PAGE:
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Jolly named director of leadership programs at Lawrence Tech

Release Date: August 10, 2012

SOUTHFIELD, Mich.  – Adjunct Professor Jim Jolly has been named the director of leadership programs at Lawrence Technological University. He is responsible for the four-year leadership curriculum for all undergraduate students.

The program integrates leadership principles into LTU’s curriculum for all four years of undergraduate study. The university’s Office of Leadership Programs oversees all academic and extracurricular programs that are dedicated to leadership education and development, and community service and involvement.

The goal is to ensure that all LTU students develop their leadership skills with an emphasis on character, integrity, and professionalism.

Jolly joined Lawrence Tech in 2011 when he taught business law to students of University High School, the college preparatory charter school created by LTU and Ferndale Public Schools. He taught several undergraduate courses during the past academic year, including Leadership Models and Practice, and now will teach business law, English composition, and Introduction to Leadership, Research and Ethics.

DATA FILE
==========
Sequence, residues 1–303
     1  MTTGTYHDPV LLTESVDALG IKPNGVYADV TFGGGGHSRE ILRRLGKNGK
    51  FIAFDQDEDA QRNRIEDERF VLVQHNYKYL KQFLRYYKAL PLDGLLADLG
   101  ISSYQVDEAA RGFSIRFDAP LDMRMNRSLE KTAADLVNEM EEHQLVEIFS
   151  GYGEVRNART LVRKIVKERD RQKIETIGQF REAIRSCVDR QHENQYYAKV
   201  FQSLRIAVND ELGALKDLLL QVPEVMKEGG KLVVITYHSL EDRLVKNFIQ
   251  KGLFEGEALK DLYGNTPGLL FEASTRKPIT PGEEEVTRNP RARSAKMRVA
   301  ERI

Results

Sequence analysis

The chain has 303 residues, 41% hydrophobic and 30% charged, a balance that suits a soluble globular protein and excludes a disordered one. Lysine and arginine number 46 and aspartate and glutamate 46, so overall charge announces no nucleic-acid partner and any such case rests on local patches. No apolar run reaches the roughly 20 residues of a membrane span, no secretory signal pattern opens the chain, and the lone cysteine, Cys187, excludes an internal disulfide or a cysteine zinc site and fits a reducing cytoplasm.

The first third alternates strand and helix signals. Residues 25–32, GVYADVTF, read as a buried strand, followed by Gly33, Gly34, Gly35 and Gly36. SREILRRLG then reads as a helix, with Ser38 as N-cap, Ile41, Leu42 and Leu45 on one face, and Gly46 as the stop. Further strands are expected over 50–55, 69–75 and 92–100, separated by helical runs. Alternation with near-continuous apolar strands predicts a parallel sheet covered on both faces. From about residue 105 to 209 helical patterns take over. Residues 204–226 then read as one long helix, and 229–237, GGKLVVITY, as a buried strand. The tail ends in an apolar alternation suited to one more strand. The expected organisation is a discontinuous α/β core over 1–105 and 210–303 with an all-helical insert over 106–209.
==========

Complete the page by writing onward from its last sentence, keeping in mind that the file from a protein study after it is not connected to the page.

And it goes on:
Along with the Lawrence Tech faculty Jolly will redevelop each leadership course with an emphasis on leadership, research, and ethics.

“I enjoy the interaction with students and I am excited about where we can take the leadership program in the future,” he said.
 
Jolly brings experience in both politics and law to his new position. While earning his degree in American Studies with minors in political science and comparative religion at Western Michigan University, he had internships with U.S. Sen. Carl Levin’s office in Washington, D.C., and with the Democratic Senatorial Campaign Committee in South Carolina.

In 2008, he earned his law degree from the University of Detroit Mercy School of Law. He was a law clerk for 47th District Court Judge Marla Parker and a law clerk and court officer for 16th District Court Judge Kathleen McCann.

After passing the Michigan Bar Exam, he was appointed a magistrate in 16th District Court where he presided over criminal and civil cases for four years. He resigned from his judicial post in order to take his new position at Lawrence Tech.

Lawrence Technological University, www.ltu.edu, is a private university founded in 1932 that offers more than 100 programs through the doctoral level in its Colleges of Architecture and Design, Arts and Sciences, Engineering, and Management. Bloomberg BusinessWeek lists Lawrence Tech among the nation’s top 20 percent of universities for return on undergraduate tuition investment, and highest in the Detroit metropolitan area.  Lawrence Tech is also listed in the top tier of Midwestern universities by U.S. News and World Report and the Princeton Review. Students benefit from small class sizes and experienced faculty who provide a real-world, hands-on, “theory and practice” education with an emphasis on leadership. Activities on Lawrence Tech’s 102-acre campus include over 60 student clubs and organizations and a growing roster of NAIA varsity sports.